“That day, when we were driving up that mountain to go to that village, I knew I wanted to be the best athlete that I could be – that I wanted to try to chase championships and try to chase MVPs,” said Tebow. “But you see, that day, I realized that there was a more important MVP. And it wasn’t to be the Most Valuable Player – it was to love the Most Vulnerable People. And ultimately, that’s why we’re here right now. We’re here to love the Most Vulnerable People. We’re here for MVPs.”
Next, Tebow described agape love as choosing the best interest of another person and acting on their behalf. This greatest form of love, which Christ showed us on the cross, is what we are called to show others. However, just like the priest and Levite in the parable of the Good Samaritan, we often come up with excuses and walk on by those in need, according to Tebow.
“For all the times in my life, which have been way too many, I walked by when I had an opportunity to make a difference – to choose someone’s best interest and act on their behalf,” said Tebow. “I had a chance, I had an opportunity, but why didn’t I? Because they weren’t worth it? I think they’re worth it, every single life. I believe they’re worth it, because they were worth Jesus dying for, which means they’re worth us fighting for. Every life has infinite value and worth because the Son of God, who has infinite value and worth, took their place on the cross.”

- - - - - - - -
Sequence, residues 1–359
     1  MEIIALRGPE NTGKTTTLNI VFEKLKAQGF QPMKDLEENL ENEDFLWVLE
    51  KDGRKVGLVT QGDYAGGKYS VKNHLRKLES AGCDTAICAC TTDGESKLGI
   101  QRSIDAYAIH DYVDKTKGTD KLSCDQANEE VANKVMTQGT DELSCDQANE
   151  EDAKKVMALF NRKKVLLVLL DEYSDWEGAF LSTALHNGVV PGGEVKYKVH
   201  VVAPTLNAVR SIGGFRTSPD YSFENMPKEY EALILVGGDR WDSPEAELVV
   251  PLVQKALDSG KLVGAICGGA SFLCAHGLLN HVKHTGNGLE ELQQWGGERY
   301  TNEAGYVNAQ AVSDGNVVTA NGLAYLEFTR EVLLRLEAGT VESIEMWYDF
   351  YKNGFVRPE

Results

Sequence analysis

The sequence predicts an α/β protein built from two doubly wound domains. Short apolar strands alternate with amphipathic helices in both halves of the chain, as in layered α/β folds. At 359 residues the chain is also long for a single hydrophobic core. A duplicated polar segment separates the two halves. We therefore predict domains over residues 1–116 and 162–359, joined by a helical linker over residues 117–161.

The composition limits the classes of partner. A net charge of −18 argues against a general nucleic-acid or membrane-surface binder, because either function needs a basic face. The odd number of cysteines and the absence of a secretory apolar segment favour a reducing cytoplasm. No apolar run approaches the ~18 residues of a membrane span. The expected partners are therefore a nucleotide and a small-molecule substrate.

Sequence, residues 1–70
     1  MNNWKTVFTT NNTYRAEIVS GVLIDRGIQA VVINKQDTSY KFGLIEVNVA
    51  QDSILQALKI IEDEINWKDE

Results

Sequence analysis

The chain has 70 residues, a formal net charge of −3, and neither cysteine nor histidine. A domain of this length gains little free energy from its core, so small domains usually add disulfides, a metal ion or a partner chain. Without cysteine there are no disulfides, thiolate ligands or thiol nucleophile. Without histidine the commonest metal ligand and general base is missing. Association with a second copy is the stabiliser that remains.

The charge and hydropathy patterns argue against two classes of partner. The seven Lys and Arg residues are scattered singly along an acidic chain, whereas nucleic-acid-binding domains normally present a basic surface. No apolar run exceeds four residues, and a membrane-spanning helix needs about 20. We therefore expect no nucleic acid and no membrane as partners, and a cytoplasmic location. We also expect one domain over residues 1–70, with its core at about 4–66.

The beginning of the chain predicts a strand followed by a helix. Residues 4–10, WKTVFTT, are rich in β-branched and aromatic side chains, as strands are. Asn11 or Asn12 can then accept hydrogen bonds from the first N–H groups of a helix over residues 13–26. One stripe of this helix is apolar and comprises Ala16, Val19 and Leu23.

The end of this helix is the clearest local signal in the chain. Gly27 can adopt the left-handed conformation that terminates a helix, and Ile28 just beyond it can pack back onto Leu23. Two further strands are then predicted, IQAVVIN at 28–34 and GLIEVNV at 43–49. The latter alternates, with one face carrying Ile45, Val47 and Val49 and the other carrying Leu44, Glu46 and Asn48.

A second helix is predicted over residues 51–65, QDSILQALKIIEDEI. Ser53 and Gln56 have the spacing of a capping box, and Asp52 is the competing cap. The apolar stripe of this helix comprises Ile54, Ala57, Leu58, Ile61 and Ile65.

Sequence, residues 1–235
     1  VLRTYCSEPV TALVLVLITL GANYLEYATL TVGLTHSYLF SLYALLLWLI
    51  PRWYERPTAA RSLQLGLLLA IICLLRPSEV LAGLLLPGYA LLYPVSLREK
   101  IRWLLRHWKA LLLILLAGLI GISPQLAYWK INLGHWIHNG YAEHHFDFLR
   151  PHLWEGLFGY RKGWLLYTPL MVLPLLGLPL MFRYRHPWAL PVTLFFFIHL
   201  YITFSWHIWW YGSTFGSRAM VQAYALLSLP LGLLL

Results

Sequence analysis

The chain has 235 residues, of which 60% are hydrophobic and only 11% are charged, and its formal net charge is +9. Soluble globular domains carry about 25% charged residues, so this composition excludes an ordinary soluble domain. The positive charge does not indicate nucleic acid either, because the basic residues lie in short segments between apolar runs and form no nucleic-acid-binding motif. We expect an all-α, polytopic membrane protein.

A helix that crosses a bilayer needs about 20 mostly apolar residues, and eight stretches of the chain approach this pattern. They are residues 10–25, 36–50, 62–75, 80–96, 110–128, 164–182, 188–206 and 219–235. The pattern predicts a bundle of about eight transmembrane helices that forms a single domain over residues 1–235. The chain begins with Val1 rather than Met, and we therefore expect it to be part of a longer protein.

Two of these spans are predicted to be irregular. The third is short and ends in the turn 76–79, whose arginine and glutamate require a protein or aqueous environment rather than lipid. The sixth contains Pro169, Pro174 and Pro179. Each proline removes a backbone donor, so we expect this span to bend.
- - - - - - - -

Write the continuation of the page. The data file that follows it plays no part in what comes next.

Tebow also addressed what people are willing to sacrifice for a given goal or mission. Relating sacrifice to his own career, Tebow again brought his athletic achievements into perspective.
“Honestly, I would say I’ve been willing in my life to do more to win a game than I actually have for things that truly matter,” admitted Tebow. “I’ve been willing to play a game with a broken leg and other broken body parts, willing to wake up in the middle of the night, willing to do all of this to be able to score a touchdown or make the team. Have I ever been willing to do that for life? If I give so much up to have a better chance of making a team, I should be willing to do something much more drastic for so many lives that need it.”